Television is one of the greatest inventions of mankind, which not only changed the entire idea of entertainment but also revolutionised the entire media industry. To mark the significance of television, the United Nations declared 21st November as “World Television Day” after passing a resolution on 17th December 1996.
A brief history of Television
John Logie Baird, the Scottish inventor who gave the idea of modern-day television back in the 1920s, gave the world’s first public demonstration of silhouette images in motion at the famous Selfridge departmental store in London. John's ‘Baird Television Development Company’ broadcast the first transatlantic television signal between London and New York City in 1928, clearing the clouds about transmission barriers.
The year 1928 also witnessed the world’s first television station in the United States of America which is currently known as WRGB Television Network (formerly W2XB) and is still operational even after 94 years glorious years.
Meanwhile, in India, television took its infant steps in the early 1950s when the first television transmitter was installed in Government Engineering College, Jabalpur on 24th October 1951. India had its first experimental telecast on 15th September 1959.
It was until 1975 that a larger audience got a chunk of entertainment provided by television. Rest how hit television was in India, is history...!
The emergence of television entertainment in India
Usually, defamed as the idiot box in modern times, television has a legacy larger than any other medium. Television emerged as an expensive alternative to the radio which came out just a few decades earlier.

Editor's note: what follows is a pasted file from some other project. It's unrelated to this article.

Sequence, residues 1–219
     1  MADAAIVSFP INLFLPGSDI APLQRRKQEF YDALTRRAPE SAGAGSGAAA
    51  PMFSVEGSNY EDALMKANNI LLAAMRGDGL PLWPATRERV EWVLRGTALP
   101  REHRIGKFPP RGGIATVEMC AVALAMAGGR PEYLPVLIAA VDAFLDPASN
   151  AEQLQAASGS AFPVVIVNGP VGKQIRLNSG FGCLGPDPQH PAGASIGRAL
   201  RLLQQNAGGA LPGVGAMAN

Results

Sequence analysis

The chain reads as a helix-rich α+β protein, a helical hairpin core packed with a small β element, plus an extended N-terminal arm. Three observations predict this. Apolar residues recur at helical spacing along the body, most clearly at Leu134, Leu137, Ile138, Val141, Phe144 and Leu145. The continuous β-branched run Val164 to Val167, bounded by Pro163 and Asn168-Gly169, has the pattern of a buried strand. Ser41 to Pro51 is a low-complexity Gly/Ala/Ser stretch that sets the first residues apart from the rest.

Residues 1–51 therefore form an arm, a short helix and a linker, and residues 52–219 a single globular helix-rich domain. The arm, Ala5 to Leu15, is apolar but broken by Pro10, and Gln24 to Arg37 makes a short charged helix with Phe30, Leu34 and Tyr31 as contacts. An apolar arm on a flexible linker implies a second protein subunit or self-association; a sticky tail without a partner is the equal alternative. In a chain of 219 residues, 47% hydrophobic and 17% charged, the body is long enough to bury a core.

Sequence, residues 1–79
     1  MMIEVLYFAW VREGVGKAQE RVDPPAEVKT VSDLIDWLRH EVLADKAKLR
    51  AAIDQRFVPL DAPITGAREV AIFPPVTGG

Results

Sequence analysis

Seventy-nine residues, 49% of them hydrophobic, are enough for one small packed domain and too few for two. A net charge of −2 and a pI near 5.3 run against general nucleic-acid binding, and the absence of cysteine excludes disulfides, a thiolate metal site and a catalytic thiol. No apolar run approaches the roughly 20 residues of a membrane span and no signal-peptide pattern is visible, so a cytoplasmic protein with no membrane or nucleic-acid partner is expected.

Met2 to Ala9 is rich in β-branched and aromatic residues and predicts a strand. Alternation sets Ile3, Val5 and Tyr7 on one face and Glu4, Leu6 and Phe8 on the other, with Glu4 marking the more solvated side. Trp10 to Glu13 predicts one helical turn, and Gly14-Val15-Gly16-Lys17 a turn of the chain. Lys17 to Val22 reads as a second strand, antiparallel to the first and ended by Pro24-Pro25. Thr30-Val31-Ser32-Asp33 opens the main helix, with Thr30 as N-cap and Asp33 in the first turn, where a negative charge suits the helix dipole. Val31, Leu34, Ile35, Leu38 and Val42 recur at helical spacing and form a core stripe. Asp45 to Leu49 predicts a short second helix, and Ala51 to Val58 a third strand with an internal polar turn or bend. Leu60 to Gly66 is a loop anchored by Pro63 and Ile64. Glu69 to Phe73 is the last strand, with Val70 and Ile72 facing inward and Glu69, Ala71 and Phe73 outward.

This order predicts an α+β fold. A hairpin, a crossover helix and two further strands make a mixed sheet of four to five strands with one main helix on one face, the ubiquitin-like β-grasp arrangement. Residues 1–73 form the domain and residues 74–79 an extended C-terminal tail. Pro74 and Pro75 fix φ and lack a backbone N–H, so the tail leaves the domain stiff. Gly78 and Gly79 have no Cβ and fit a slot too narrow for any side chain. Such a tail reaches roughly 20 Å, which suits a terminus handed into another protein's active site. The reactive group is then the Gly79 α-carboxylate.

Television with aid of satellite networks dominated the entertainment industry worldwide. Especially, in India, the 80s is considered as the golden period of television. The introduction of colour television in the year 1982 changed the entire scenario.
Daily soaps such as Hum Log, narrated by Bollywood legend Ashok Kumar made television a wholesome source of entertainment for the entire family. Whereas mythological shows such as Ramayan (1987) and Mahabharat (1988) increased the mass following, making television popular amongst the general mass of India.
The social and economic reforms in 1991, opened doors for private players in the television media industry. Many foreign channels, along with local came into existence, further elevating the user experience by introducing new technologies.
As per the statistical database (2021), more than 915 satellite channels are operational in India, with approximately 210 million (2021) television users around the nation.
Is the existence of television in danger?
The emergence of the tech era has created new challenges for the television industry worldwide. The introduction of high-speed internet, smart devices, OTT platforms and other similar mediums have definitely affected the viewership of television.
However, the idea of inclusiveness promoted by television still gives it a firm foundation as the best source of entertainment.
The fun of watching a programme together with your family and friends can never be replaced by any other medium. Till humans retain their social values, a television set will always find a happy spot in their homes.